2 cup whole wheat flour
1/2 packet of Fleischmann instant yeast (each packet is 1/4 oz)
2 tbsp. sugar
2 tbsp. olive oil
1 tsp. salt
1/2 milk

For the filling
6 oz homemade paneer crumble
1/2 red pepper
1/2 yellow pepper
1/2 onion
2 carrots
1/2 cup cilantro
salt and pepper to taste

To make the bread dough
In a mixing bowl add all the ingredients except the milk. Warm the milk in a microwave or on the stove top. Do not let it get hot. Pour it into the flour and mix it in.

Using as little water as needed make a soft sticky dough. Knead this dough for about 10 minutes until it is soft and elastic. Pour a few drops of olive oil on your fingers and knead the dough again. Cover the bowl and let the dough rise to double its size. That should take about an hour.

To make the filling
Make homemade paneer, I use this recipe. Knead the paneer and break it up into crumbs. If you are using store bought paneer, chop it into tiny pieces. Keep aside.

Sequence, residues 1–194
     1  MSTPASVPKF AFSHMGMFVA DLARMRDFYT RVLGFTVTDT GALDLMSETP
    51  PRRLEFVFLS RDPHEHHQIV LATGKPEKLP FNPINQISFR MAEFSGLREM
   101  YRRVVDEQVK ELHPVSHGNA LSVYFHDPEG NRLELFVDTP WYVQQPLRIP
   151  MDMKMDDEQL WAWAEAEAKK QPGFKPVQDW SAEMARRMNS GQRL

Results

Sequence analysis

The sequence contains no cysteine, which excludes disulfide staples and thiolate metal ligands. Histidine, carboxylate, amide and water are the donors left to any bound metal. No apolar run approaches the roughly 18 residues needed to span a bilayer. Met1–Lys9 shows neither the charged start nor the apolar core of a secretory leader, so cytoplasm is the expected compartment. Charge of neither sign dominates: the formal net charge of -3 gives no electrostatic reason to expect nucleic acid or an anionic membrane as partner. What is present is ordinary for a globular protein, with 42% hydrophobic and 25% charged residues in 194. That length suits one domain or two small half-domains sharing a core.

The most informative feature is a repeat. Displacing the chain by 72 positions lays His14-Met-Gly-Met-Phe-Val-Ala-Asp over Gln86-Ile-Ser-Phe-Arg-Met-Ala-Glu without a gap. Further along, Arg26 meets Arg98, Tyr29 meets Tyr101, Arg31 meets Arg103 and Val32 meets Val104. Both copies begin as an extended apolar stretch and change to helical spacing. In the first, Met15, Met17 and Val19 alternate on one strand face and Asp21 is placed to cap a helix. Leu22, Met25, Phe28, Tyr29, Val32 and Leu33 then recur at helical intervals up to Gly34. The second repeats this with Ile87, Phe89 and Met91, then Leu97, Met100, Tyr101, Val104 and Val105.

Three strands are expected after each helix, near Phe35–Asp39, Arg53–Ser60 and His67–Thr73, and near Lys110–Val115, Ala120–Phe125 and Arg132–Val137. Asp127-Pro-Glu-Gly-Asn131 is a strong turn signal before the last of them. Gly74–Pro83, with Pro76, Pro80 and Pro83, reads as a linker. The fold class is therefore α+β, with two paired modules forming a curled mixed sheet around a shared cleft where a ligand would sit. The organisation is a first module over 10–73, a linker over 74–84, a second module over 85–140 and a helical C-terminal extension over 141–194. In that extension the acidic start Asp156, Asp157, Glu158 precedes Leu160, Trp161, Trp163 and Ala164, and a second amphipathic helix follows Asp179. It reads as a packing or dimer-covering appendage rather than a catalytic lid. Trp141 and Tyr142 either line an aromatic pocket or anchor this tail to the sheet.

Chop all the vegetables and transfer to a separate mixing bowl. Add the paneer, salt and pepper. Mix it all together and keep aside.

To put it together
After an hour punch down the dough and knead it for a minute. Divide it into two. On a floured surface roll out one portion into a 1/2 in thick rectangle.

Spread half the filling over the surface of the rolled out dough leaving an inch all around.

Now starting from one of the shorter ends roll tightly all the way to the other end.

Seal the edges and transfer to a greased baking dish. Repeat for the other portion of dough and filling.

Let the rolls rest covered for half an hour. Preheat oven to 410 F. Make three slits on the top of the rolls to let the steam escape. Bake the rolls in the center rack for 25-35 minutes or until a knife inserted in the bread comes out clean. Turn off heat and let the rolls rest on a cooling rack for a few minutes.

Serve hot.

You can add red chili pepper or minced Serrano pepper to the filling if you prefer spicy food.

This is my entry for week four, day three of BM #37 for the theme Rolled and Baked. Check out the
Blogging Marathon page for the other Blogging Marathoners doing BM#37.